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Criminal Procedure Bill 2021: Report and Final Stages (Continued)

Thursday, 11 March 2021

Dáil Éireann Debate
Vol. 1005 No. 2
Unrevised

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An Ceann Comhairle: Information on Seán Ó Fearghaíl Zoom on Seán Ó Fearghaíl Does anybody else wish to speak?

Deputy Mattie McGrath: Information on Mattie McGrath Zoom on Mattie McGrath I too listened quite carefully to what the Minister said and I support the amendment. I agree with what Deputy Howlin said. I imagine that is true of any of us who have had experience of a jury trial. I thank everyone who does jury service because it is an onerous task. It is a fair and good system. Courts, and by extension jurors, can be held up for months. In most cases, people do not get remunerated while they are on jury service. Public service workers do, but those in the private sector do not. One can understand the reason for that, given that cases could last for 20 or 30 days or however long. There is an impact on jurors and their family life. People are restricted and must understand and accept the ground rules of jury service. Quasi legal issues should be tidied up and out of the way before a court sits because when a case commences a jury can be delayed. When juries are sworn in, they should be able to proceed without occasionally being sent home for two days or sent home on a Thursday and told to come back on the following Tuesday. People have lives to live, so it is very important that justice is done and seen to be done.

  I support the amendment. In most cases a person is considered innocent until proven guilty. That is the most important part of a prima facie case, but jurors must be respected as well. Technical legal arguments can be involved and judges can adjourn to consult and get some guidance, for the want of a better word.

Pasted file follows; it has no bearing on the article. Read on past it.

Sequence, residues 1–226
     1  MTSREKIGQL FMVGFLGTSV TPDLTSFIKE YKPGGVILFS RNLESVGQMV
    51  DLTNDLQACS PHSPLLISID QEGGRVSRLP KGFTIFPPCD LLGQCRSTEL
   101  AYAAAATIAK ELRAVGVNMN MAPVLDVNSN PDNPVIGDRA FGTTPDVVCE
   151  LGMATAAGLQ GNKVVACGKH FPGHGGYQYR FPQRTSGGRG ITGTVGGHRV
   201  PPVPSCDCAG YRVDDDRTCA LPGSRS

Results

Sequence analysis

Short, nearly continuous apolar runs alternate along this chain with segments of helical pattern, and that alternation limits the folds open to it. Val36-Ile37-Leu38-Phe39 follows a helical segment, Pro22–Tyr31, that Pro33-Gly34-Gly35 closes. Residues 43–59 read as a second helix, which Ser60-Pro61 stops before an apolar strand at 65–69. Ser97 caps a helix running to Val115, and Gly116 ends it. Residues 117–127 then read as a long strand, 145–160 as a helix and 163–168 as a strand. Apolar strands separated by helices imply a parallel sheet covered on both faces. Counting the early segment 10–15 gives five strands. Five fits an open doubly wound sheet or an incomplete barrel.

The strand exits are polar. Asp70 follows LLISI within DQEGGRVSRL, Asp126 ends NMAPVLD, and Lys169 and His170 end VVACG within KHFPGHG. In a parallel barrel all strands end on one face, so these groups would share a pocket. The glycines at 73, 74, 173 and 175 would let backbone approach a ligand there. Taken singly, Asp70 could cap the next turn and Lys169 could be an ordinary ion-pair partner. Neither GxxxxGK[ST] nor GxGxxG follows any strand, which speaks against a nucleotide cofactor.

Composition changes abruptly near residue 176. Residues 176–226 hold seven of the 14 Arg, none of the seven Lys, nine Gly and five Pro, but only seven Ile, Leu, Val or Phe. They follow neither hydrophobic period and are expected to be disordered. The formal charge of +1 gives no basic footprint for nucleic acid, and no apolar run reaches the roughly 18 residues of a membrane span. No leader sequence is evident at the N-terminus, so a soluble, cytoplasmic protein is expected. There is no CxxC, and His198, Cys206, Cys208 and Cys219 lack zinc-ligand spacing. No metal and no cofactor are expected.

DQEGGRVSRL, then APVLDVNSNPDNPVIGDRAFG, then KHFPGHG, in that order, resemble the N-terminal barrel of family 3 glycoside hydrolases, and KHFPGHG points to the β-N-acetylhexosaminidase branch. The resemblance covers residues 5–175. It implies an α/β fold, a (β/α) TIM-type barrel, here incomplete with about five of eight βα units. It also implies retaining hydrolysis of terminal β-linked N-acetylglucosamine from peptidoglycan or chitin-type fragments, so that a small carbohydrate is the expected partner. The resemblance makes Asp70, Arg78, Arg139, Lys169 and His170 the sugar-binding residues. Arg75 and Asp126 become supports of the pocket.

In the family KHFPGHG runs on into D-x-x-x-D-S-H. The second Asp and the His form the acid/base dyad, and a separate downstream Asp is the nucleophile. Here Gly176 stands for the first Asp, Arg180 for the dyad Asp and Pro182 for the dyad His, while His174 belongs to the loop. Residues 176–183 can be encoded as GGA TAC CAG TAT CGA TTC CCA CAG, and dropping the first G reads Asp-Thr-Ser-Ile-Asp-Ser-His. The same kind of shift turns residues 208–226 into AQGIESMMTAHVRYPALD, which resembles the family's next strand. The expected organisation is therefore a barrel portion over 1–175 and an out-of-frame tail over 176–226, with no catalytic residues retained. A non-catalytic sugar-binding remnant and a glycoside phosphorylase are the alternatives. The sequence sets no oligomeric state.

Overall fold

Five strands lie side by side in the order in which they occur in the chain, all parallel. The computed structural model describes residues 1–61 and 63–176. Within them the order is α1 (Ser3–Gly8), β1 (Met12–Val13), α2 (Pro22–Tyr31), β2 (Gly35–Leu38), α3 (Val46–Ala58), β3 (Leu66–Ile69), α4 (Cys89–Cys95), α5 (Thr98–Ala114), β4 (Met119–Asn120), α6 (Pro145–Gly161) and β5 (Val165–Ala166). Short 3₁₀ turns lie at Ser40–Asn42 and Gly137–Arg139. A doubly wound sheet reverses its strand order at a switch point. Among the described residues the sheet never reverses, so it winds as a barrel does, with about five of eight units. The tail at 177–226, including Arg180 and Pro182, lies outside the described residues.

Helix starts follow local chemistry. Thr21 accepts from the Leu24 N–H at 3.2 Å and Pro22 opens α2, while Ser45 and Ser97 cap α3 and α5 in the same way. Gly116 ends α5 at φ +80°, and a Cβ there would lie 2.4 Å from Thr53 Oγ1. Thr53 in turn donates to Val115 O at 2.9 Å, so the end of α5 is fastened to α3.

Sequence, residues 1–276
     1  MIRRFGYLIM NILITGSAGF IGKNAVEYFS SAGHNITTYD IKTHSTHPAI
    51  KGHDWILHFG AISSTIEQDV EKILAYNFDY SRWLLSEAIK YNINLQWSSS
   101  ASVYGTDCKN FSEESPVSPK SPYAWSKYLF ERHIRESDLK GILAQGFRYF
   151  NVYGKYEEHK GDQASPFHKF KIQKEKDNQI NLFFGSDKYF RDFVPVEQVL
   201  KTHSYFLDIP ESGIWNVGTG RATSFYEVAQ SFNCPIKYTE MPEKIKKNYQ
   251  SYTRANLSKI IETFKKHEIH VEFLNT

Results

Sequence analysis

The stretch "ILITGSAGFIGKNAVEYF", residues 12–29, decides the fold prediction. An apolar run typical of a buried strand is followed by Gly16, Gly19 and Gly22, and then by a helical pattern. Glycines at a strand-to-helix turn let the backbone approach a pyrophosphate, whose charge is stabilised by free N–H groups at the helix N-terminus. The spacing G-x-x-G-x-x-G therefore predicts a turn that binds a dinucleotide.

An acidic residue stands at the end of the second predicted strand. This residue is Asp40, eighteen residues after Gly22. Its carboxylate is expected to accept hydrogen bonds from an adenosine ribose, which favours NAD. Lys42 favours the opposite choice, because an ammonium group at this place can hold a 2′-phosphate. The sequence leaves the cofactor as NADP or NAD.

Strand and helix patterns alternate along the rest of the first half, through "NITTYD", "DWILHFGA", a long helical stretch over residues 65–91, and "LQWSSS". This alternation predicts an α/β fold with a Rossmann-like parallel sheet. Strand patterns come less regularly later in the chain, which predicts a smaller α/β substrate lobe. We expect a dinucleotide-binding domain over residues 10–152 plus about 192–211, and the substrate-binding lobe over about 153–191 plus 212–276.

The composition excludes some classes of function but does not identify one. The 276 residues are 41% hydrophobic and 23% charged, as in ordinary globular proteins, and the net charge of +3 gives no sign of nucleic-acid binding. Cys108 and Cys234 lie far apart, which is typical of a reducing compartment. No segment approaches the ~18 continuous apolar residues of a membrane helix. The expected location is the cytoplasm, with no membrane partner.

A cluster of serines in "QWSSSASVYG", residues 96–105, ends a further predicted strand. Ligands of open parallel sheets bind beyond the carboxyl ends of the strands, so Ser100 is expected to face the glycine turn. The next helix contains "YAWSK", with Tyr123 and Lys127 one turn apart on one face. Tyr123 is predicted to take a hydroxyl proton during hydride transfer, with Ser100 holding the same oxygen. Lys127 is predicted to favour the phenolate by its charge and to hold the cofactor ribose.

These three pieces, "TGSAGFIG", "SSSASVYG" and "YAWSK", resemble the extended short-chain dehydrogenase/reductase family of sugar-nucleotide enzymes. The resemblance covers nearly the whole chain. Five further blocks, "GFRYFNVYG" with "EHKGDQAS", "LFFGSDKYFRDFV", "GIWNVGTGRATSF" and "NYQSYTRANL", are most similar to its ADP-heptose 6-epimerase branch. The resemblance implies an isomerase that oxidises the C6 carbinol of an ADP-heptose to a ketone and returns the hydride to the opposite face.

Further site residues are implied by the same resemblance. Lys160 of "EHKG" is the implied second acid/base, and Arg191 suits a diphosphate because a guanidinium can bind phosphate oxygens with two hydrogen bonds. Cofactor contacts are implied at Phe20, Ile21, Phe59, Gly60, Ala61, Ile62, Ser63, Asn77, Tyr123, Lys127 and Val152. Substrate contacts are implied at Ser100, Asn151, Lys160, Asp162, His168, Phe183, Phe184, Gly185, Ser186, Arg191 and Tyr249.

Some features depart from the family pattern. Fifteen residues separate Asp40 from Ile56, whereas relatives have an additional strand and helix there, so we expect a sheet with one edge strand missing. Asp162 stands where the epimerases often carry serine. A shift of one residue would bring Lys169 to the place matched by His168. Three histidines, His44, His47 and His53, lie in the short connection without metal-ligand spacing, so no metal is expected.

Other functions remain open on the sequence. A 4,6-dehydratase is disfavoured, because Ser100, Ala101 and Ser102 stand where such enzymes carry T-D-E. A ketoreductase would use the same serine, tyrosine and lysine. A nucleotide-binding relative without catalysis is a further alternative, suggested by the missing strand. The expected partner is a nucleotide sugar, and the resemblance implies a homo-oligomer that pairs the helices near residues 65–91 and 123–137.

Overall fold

We also need to look at refresher courses for the Judiciary. I recall Deputy O'Dea talking about that a long time ago when he was a Minister of State in the Department of Justice. It is very important when a trial commences that it would be efficient and that there would be a clear understanding of the ground rules. The less room for equivocation or lack of clarity the better. We must be able to review legislation. Deputy Howlin referred to the Children's Act, which we are amending now. There should always be a sunset clause or review date on legislation because, although there are people in here who are much more learned than I in this area, there can be unintended consequences. There must be a mechanism to review legislation after a settling in period. Goodness knows, six months or 12 months is a short time when it comes to issues concerning the Courts Service. We must make haste slowly. The amendments have been tabled for good reason and there is good support for them. I support the amendments.

Deputy Catherine Murphy: Information on Catherine Murphy Zoom on Catherine Murphy I will be very brief. The Bill is important for streamlining how the courts operate. There will be a significant reason for that because of the delays that will arise as a consequence of Covid. That is all the more reason for the Bill to be enacted. I am generally supportive of the sentiment behind the amendment, but I specifically want to hear what the Minister has to say on it. I agree with Deputy Howlin in that regard.

In terms of judges interpreting what the Oireachtas means, what the Minister says in the debate is really important because if judges are wondering how they should interpret something we give them markers. The Minister in particular gives markers on what is intended. It is important that this point is specifically addressed for that very reason. If the amendment is not taken, it may well avoid this problem arising in the first place, so it is really important that we hear that.